So it’s currently 6.24am, and I’m sat at my computer when I should be in bed. Why? Well, dinner last night at Romera New York, has definitely got into my head.
Romera is chef and physician (never thought I’d put those two together) Dr. Miguel Sanchez Romera’s eponymous restaurant.
Chef Romera’s first project in the United States offers guests an opportunity to experience Neurogastronomy, a culinary style he pioneered while working as a neurologist in Barcelona, Spain. The website states:
“Neurogastronomy embodies an artistic and scientific approach to cuisine. As a doctor and neurologist Romera is a specialist in the relationship between food and health and the study of neurosensory perception with the five senses and food, as well as the implication in areas of affection, emotions, and taste, aroma and flavor memories within the brain. By means of art and through harmony of his culinary creations, the Doctor seeks to express a social emotion, just as any other artistic manifestion does.”
Now with an introduction like that, wouldn’t YOU be tempted to try it out?
Having originally received a large amount of criticism for only offering one tasting menu (a 12 course $245 one no less) and not publishing their wine list so that you could have an idea of how much your bill would come to before you went, Romera now offers 3 different tasting options.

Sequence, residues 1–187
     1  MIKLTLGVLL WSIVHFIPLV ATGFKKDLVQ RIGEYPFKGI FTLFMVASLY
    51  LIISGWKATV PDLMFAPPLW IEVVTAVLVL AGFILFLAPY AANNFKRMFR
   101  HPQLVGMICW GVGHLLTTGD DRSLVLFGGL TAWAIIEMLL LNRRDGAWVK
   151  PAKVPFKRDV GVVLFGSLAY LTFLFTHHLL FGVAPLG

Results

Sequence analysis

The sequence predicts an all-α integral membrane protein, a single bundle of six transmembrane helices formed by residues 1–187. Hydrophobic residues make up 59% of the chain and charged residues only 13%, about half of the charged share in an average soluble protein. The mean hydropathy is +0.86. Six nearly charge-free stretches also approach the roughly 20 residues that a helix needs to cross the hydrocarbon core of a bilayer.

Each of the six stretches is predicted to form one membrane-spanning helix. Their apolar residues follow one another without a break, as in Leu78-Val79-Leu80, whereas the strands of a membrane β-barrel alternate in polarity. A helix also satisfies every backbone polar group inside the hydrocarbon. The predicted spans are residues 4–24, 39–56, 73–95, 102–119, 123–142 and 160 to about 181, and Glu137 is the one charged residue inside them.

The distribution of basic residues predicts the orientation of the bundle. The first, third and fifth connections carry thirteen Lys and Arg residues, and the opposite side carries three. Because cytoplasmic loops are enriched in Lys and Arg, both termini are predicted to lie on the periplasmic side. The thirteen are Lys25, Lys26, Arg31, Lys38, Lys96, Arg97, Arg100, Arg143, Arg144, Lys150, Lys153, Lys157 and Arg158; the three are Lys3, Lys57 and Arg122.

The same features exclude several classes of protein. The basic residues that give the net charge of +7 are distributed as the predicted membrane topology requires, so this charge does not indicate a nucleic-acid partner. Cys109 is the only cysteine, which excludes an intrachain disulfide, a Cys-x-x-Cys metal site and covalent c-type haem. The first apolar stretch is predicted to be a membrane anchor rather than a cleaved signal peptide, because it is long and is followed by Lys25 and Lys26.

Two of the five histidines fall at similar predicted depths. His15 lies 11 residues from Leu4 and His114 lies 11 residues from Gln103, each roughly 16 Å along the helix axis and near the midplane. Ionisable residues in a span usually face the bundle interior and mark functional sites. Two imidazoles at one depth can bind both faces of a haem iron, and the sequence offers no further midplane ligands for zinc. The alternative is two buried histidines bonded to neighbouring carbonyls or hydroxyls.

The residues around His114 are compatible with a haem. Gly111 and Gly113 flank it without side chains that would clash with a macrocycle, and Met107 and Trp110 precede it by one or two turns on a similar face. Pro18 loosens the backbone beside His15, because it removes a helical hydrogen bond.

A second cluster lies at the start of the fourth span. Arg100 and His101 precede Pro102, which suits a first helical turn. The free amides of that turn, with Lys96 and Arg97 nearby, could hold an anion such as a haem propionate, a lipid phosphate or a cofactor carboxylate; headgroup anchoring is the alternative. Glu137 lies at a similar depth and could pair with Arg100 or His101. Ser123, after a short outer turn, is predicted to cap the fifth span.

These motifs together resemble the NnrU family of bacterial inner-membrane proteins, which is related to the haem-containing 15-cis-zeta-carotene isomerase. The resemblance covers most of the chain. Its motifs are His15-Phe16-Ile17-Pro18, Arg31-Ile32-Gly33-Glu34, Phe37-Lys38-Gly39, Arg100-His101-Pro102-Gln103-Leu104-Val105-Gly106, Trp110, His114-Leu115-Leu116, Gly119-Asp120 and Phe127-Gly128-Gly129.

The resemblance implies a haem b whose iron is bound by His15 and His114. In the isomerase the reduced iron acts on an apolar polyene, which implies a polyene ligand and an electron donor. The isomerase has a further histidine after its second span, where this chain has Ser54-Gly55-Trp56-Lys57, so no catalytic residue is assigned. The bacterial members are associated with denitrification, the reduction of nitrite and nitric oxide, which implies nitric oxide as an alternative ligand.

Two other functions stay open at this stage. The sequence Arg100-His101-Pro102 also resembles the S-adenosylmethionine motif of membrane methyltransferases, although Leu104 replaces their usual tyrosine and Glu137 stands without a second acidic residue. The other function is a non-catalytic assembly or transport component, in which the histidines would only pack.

Now, I’m no restaurant blogger (and I don’t wish to be), but we opted for the 6 course option. And I have to say, it certainly delivered in terms of theatre, taste and the sensory ideals that they are so keen to get across.
The interesting thing is, that unlike Heston, there is no playfulness: food is presented beautifully and precisely – almost to the point of obsession.
We had a number of courses which were presented on tiny little checkerboards of individually layer out dehydrated vegetables, flavours and spices: it was regimented and executed perfectly – much like Dr Romera’s mind I imagine.